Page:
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Child marriage still common in rural southwest

[Nepal] Laxmi Chaudhary married when she was barely nine. Child marriage is quite common in remote villages of southwest Nepal. [Date picture taken: 10/10/2006]
Thousands of Nepali women work abroad, mostly as domestic helpers (Naresh Newar/IRIN)

Urmila Kurmi was barely six when her parents married her off to a young boy only two years older. “I didn’t know what marriage meant but now I know that this is not what children should be doing,” said Kurmi, who is now 14 years old, and already leading an adult life.

In remote villages like Baskhora in Kapilbastu district, nearly 500 km southwest of Nepal’s capital, Kathmandu, marriages like Kurmi’s are nothing new, despite a government ban on the ancient practice.

“Laws are not enough. There is a need for effective awareness to control this shocking tradition,” explained Jit Bahadur Chaudhary from the Rural Illiteracy Society for Education (RISE), a local NGO that has been campaigning actively with the help of the United Nations Children’s Fund (UNICEF) against child marriage.

Chaudhary explained that parents marry off their children, especially their young daughters, for both financial and social reasons. Due to the dowry system — in which the parents of the bride have to pay a huge sum of money to the groom’s family —girls are often married off young as dowries will be less than those expected for an adult.

Extensive male labour migration from many rural areas means parents are often afraid that they may not find a suitable husband when the daughter grows up to become a woman, said Chaudhary. In addition, there is pressure on parents that if they don’t get their daughters married young, they will face social discrimination.

“All this backward social thinking causes child marriage and it is the children who have to face the dangerous impact [of this],” said Rajmati Yadab, who runs a paralegal committee formed with help from UNICEF to raise awareness about legal rights and campaign against social ills.

Yadab explained that the practice often leads to girls bearing children at an early age, which endangers their health and sometimes results in their death. According to UNICEF, many girls die from hemorrhages, obstructed labour and other pregnancy related complications. In addition, married girls seldom stay in school, meaning valuable years of education are lost, he added.

Along with Niger, Bangladesh, India and Uganda, Nepal has the highest levels of child marriage in the world, according to Nepal’s Demographic Health Survey, which estimated that over 63 percent of Nepalese girls marry before the age of 18, while 7 percent marry before reaching 10 years old. Within Nepal, the district of Kapilbastu has the highest number of child marriages, the DHS said.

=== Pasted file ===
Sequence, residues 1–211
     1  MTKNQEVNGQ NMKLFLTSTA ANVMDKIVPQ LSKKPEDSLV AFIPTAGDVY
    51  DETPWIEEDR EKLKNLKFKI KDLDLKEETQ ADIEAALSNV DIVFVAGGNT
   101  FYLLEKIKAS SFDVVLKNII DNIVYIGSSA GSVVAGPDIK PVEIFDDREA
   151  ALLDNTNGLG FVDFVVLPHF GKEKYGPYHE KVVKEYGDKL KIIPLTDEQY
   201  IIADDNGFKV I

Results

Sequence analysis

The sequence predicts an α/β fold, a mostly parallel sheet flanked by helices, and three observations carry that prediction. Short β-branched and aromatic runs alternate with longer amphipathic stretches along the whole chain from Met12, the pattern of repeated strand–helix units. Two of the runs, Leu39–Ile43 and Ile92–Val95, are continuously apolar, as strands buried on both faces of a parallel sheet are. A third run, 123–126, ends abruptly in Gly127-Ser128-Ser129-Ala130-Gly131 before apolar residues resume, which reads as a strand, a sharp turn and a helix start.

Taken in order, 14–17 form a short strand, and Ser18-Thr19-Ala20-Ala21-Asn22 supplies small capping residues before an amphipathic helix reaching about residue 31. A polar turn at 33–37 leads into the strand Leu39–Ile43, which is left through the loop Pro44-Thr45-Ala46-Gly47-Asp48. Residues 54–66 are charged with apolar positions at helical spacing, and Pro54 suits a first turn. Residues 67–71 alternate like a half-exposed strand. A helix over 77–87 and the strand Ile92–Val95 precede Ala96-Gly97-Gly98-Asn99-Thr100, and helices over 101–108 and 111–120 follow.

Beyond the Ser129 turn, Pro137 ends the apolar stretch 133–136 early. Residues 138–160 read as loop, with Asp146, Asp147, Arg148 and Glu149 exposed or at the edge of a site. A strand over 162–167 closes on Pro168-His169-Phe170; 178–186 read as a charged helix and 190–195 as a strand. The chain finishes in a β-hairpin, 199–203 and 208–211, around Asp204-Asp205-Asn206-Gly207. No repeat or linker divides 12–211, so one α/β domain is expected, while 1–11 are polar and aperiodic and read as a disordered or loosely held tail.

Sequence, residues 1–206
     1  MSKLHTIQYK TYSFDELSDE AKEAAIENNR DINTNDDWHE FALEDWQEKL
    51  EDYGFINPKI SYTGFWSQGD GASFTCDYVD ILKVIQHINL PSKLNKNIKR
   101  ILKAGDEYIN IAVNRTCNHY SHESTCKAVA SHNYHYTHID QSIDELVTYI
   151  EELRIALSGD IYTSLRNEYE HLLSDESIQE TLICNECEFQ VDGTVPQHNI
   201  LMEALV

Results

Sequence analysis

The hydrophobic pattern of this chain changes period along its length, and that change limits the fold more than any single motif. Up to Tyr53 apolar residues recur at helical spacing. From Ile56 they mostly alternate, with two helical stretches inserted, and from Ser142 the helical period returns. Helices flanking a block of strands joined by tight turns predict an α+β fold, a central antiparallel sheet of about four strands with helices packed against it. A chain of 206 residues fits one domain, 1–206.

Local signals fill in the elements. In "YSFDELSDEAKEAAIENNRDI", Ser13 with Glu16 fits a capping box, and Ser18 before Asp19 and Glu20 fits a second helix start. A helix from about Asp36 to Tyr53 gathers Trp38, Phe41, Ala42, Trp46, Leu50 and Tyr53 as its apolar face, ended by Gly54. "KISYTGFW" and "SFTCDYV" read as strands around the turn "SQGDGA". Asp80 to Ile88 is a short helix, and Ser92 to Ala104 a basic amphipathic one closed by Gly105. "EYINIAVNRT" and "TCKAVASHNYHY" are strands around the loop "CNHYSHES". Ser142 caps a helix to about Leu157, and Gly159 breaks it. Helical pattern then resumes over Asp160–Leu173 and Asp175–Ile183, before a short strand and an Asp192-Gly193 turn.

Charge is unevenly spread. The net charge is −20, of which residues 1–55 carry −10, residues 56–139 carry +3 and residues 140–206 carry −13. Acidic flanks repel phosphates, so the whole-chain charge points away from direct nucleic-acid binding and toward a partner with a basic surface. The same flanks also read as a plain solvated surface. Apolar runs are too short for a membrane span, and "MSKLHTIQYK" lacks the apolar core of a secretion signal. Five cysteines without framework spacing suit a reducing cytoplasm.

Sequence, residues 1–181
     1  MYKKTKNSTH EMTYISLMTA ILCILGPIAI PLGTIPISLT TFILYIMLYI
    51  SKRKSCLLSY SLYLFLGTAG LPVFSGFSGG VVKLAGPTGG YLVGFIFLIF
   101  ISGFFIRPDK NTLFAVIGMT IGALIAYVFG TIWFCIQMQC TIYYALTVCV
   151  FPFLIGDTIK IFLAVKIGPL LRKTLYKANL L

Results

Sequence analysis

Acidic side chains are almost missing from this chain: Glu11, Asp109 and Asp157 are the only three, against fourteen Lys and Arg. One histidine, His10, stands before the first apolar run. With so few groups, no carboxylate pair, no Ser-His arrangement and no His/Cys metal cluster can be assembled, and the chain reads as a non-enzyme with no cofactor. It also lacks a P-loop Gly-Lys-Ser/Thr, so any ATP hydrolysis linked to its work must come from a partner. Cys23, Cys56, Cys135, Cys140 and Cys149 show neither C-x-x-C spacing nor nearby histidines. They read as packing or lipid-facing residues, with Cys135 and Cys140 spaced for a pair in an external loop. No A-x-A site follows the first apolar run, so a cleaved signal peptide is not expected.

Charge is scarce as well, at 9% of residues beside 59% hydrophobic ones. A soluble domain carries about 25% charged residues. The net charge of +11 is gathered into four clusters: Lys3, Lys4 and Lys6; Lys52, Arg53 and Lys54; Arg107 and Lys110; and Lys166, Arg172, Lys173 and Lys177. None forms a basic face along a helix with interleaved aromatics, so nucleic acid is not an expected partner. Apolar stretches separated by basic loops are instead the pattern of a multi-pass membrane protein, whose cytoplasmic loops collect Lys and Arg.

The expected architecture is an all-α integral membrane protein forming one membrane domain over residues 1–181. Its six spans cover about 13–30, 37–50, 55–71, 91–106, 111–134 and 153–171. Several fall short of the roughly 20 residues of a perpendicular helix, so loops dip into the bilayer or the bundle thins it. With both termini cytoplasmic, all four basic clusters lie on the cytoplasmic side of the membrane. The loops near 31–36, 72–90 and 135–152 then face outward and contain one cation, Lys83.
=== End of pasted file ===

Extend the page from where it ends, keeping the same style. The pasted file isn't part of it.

“We have to fight against this evil tradition,” said 10-year-old Resmi Gupta, who runs a child club formed with help from RISE and UNICEF. With 36 child members in her group, Gupta has managed to raise awareness among local villagers on the dangers of the child marriage system.

Gupta also successfully managed to stop her parents from marrying off her 13-year-old sister, who now attends UNICEF’s Out of School Programme (OSP), a pre-school education project for children starting late in formal education.

“I have hopes of this practice being socially banned. All we need to do is to raise awareness among our own communities,” said Gupta, who goes around villages in the district with her friends putting up slogans against child marriage.

According to RISE, awareness and sensitisation campaigns have helped to reduce the number of child marriages in Kapilbastu district. RISE trains local girls and women in how to educate their fellow villagers, especially the men, by raising human rights and legal issues.

“When sensitisation doesn’t work, we take the hard way by strictly warning both the parents and the priests that they would face legal action if they marry their young children,” said Sri Kanta Mali, a facilitator from RISE, also involved in the paralegal committee.

There are now over 30 such committees in many villages like Baskhora in Kapilbastu and UNICEF is providing support to form more committees in which both local men and women are now actively participating.

“I wish my parents had never done this to me, getting me married instead of sending me to school. I hope other children will not suffer like me,” said 14-year-old Laxmi Chaudhary, who got married when she was only nine.


This article was produced by IRIN News while it was part of the United Nations Office for the Coordination of Humanitarian Affairs. Please send queries on copyright or liability to the UN. For more information:

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